Personally, I’ve learned a great deal from peers. If I see another athletic trainer practicing a new taping or manual muscle assessment, I may start using it. For instance, in assessing the integrity of the subscapularis muscle, I have always used the Gerber Liftoff test. At a recent football game, an athletic trainer showed me a different method called the “bear hugger” test. Now, I use it frequently as an alternative way to examine the integrity of the muscle.

In addition, I often ask other athletic trainers what evaluation techniques they like and why. At a seminar on knee injuries, I approached a colleague about what technique he liked best to determine possible meniscus injuries. He showed me a standing compression and rotation test that would reproduce pain if a meniscus injury was present. I use that test regularly now.

On the strength and conditioning side, discussions with other strength coaches are vital in communicating what programs work best with teams. Informal meetings with other coaches can also be invaluable for fine-tuning the exact practices that produce the most desired results.

Our school recently hired KC Bonnin, USAW, CES, PES, CSAC, CWPC, IKFF1, as Head Strength and Conditioning Coach, and we often discuss which lifts and teaching techniques to use. Since I am more of an assistant strength coach, I want to ensure I am teaching the lifts the same way KC does. Everyone benefits from the consistency of our efforts.


For continuing education that’s a bit more structured, consider taking courses or attending seminars. A number of groups and organizations offer self-paced classes, which I’ve found to be very useful. The number of continuing education units (CEUs) you get from these will vary.

This past year, I took courses in shoulder therapy and concussion evaluation through DSW Human Kinetics. Both were self-paced, so I could either study from a textbook or do the e-course online. I had a full year to complete each one and take the test.

Self-paced courses are convenient because you can take them on your own time and at a relatively low cost. Sometimes, employers will even cover the expense. To get your employer on board with this, meet with them and ask if funds are available for certifications or required continuing education.

If you choose to go the conference and seminar route, the hardest part is making the time to attend. I recommend identifying which meetings are most important to you in any given year. Be particular about where you go—there’s no sense in wasting your time or money on a convention you are not really interested in.

My approach involves planning a year ahead. I pick the slowest times of the year—usually spring break and the summer months—and see what meetings are available. I make it a point to go to my state or regional athletic training conference annually. These are convenient and offer many CEUs at one time. I also attend the NATA Clinical Symposia and AT Expo every five to six years, but I wait until it is held closer to home to reduce the cost.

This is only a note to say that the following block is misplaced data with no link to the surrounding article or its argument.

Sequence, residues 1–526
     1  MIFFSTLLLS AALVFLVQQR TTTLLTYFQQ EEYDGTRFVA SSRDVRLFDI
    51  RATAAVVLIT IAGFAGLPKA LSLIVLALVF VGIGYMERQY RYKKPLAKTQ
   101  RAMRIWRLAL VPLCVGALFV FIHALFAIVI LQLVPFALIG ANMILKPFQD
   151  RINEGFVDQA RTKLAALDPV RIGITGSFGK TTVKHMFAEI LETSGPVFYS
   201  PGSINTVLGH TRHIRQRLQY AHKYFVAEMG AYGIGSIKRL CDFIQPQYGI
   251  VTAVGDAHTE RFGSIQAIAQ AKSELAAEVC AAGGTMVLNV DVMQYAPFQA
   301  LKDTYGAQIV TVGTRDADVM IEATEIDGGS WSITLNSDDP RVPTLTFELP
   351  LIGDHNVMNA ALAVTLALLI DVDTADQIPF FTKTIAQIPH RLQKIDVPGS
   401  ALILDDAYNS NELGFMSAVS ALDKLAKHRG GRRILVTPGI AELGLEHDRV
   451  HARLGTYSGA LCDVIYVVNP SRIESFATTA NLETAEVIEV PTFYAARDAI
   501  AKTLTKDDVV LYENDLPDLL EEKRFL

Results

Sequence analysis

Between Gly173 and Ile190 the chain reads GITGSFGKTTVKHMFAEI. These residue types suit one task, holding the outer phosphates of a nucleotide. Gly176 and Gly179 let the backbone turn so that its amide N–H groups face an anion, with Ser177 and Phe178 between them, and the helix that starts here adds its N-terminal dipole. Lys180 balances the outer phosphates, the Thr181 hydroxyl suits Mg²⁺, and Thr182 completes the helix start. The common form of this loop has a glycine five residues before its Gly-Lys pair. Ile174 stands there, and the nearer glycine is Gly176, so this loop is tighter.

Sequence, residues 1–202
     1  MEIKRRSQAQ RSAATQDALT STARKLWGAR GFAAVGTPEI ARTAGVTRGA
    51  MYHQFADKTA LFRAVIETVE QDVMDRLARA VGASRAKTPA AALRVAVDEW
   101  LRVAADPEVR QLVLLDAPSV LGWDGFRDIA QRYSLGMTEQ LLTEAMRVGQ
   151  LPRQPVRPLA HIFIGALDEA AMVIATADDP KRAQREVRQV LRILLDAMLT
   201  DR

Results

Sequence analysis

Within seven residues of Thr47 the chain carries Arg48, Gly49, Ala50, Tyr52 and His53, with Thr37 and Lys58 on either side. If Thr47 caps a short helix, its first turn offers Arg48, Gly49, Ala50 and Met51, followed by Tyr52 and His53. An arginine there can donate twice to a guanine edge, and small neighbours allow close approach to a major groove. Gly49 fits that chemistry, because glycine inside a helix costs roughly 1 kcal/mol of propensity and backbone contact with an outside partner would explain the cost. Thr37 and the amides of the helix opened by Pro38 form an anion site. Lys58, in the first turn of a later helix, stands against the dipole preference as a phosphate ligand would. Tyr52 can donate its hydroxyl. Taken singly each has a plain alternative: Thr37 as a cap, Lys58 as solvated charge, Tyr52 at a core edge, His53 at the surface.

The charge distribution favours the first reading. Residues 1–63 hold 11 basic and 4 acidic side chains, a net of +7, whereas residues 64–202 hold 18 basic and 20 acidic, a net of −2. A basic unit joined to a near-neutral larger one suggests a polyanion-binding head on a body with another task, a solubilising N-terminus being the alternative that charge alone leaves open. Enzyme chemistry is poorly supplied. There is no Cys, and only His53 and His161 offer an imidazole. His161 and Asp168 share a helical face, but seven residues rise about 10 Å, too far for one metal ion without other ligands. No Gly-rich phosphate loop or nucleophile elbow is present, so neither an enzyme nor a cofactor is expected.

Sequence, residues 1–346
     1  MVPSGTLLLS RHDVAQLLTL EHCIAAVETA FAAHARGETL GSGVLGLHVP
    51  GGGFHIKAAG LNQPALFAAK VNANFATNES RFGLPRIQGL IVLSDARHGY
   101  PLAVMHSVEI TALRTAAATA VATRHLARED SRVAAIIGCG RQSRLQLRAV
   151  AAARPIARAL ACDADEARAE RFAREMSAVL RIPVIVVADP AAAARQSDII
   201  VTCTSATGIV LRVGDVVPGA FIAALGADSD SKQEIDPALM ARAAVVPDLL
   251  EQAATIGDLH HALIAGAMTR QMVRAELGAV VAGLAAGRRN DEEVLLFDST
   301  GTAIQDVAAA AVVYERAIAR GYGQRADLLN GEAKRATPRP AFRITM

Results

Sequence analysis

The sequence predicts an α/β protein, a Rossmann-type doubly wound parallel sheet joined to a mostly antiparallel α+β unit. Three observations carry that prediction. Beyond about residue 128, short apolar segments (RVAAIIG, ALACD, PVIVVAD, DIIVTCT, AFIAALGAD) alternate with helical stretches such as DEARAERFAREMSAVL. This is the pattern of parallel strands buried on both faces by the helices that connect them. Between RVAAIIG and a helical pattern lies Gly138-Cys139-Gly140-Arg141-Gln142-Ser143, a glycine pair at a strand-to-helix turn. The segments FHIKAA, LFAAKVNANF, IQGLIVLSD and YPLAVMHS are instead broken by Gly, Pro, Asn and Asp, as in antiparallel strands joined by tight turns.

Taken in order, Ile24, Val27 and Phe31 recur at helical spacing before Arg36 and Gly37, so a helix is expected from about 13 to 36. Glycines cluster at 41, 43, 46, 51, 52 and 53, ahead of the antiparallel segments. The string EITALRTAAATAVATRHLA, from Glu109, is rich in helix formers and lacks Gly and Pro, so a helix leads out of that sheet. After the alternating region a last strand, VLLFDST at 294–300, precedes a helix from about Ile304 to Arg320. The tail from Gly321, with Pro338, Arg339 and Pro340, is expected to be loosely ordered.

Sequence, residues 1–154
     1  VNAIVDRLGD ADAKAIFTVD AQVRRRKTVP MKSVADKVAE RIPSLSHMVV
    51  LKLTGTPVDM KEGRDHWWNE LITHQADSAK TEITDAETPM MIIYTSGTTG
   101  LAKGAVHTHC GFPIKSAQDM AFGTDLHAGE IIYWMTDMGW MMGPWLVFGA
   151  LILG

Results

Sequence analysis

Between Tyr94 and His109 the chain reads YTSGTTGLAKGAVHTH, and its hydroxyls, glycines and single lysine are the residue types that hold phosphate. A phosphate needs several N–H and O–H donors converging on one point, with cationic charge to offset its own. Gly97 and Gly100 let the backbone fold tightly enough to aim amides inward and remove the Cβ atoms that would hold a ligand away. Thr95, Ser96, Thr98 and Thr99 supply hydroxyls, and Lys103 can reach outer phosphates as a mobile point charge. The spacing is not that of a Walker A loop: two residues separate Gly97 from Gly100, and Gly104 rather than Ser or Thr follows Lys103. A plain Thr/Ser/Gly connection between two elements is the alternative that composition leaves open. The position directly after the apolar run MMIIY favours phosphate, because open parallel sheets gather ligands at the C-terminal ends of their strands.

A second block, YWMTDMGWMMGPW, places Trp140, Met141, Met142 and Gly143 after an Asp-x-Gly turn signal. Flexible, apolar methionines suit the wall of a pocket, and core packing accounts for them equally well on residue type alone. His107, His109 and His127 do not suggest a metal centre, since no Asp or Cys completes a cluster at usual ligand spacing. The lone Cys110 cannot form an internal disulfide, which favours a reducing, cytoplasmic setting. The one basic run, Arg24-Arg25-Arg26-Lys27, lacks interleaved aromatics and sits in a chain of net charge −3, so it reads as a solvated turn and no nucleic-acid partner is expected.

When you’re at a conference, it can be tricky to decide which presentations to see. One strategy is to pick topics that you aren’t as well-versed in to strengthen any weak areas of practice. For me, that’s anything to do with hip evaluations and rehab.


Probably the most in-depth form of continuing education is pursuing an advanced degree—whether it’s a master’s or doctorate. Although time-consuming, the benefits for doing so are numerous.

For one thing, an advanced degree usually leads to higher-paying positions with more responsibilities. It might also show your initiative and ambition to potential employers. If nothing else, having an advanced degree updates your skills, which is important as rehab and training methods evolve.

I chose to pursue a master’s degree right after my undergraduate years because I believed it would help progress my career. Some of the positions I’ve held have “preferred” a master’s degree, so I think the decision has paid off. I believe that the more education you have going into a field, the more likely it is that you will increase your chances of landing whichever job you seek.

To determine whether you should seek out an advanced degree, ask yourself: “How far do I want to go in my profession—the high school, college, professional, or Olympic ranks?” and “What are my employment goals?” Look at respected peers in the setting you aspire to and see what level of education they have.

For instance, at the high school level, a bachelor’s degree is enough to become a certified teacher and a strength coach. In college, a master’s is preferred but not usually required. And a PhD or other terminal degree is usually necessary for teaching or research at the university level.

Other factors that come into play when pursuing formal education are time and money involved. To manage the investment required, decide early in your career which degree you really need for the position you ultimately hope to obtain and how much education you have the budget to pay for.